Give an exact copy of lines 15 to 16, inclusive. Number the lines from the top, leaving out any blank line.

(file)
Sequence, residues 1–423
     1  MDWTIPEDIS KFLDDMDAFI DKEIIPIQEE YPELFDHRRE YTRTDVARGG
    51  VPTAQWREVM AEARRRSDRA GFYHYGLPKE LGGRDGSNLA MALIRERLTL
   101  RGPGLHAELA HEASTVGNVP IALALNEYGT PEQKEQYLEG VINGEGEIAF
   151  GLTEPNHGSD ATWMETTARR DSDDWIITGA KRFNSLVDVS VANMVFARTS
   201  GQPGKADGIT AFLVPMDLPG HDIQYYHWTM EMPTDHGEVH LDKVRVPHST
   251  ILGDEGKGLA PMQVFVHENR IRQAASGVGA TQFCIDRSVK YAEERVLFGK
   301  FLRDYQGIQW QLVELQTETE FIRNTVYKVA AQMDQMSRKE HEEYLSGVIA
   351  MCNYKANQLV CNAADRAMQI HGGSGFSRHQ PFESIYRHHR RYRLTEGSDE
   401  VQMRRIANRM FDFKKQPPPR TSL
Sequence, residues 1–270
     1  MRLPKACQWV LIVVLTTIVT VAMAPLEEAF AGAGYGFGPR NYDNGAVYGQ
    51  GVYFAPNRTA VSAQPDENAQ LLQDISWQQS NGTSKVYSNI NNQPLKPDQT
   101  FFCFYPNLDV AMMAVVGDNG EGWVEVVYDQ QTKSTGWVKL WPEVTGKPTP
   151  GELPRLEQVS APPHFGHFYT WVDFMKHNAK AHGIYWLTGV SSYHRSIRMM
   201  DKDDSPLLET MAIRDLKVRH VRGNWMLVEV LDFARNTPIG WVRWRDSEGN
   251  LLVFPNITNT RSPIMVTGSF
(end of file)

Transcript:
   151  GELPRLEQVS APPHFGHFYT WVDFMKHNAK AHGIYWLTGV SSYHRSIRMM
   201  DKDDSPLLET MAIRDLKVRH VRGNWMLVEV LDFARNTPIG WVRWRDSEGN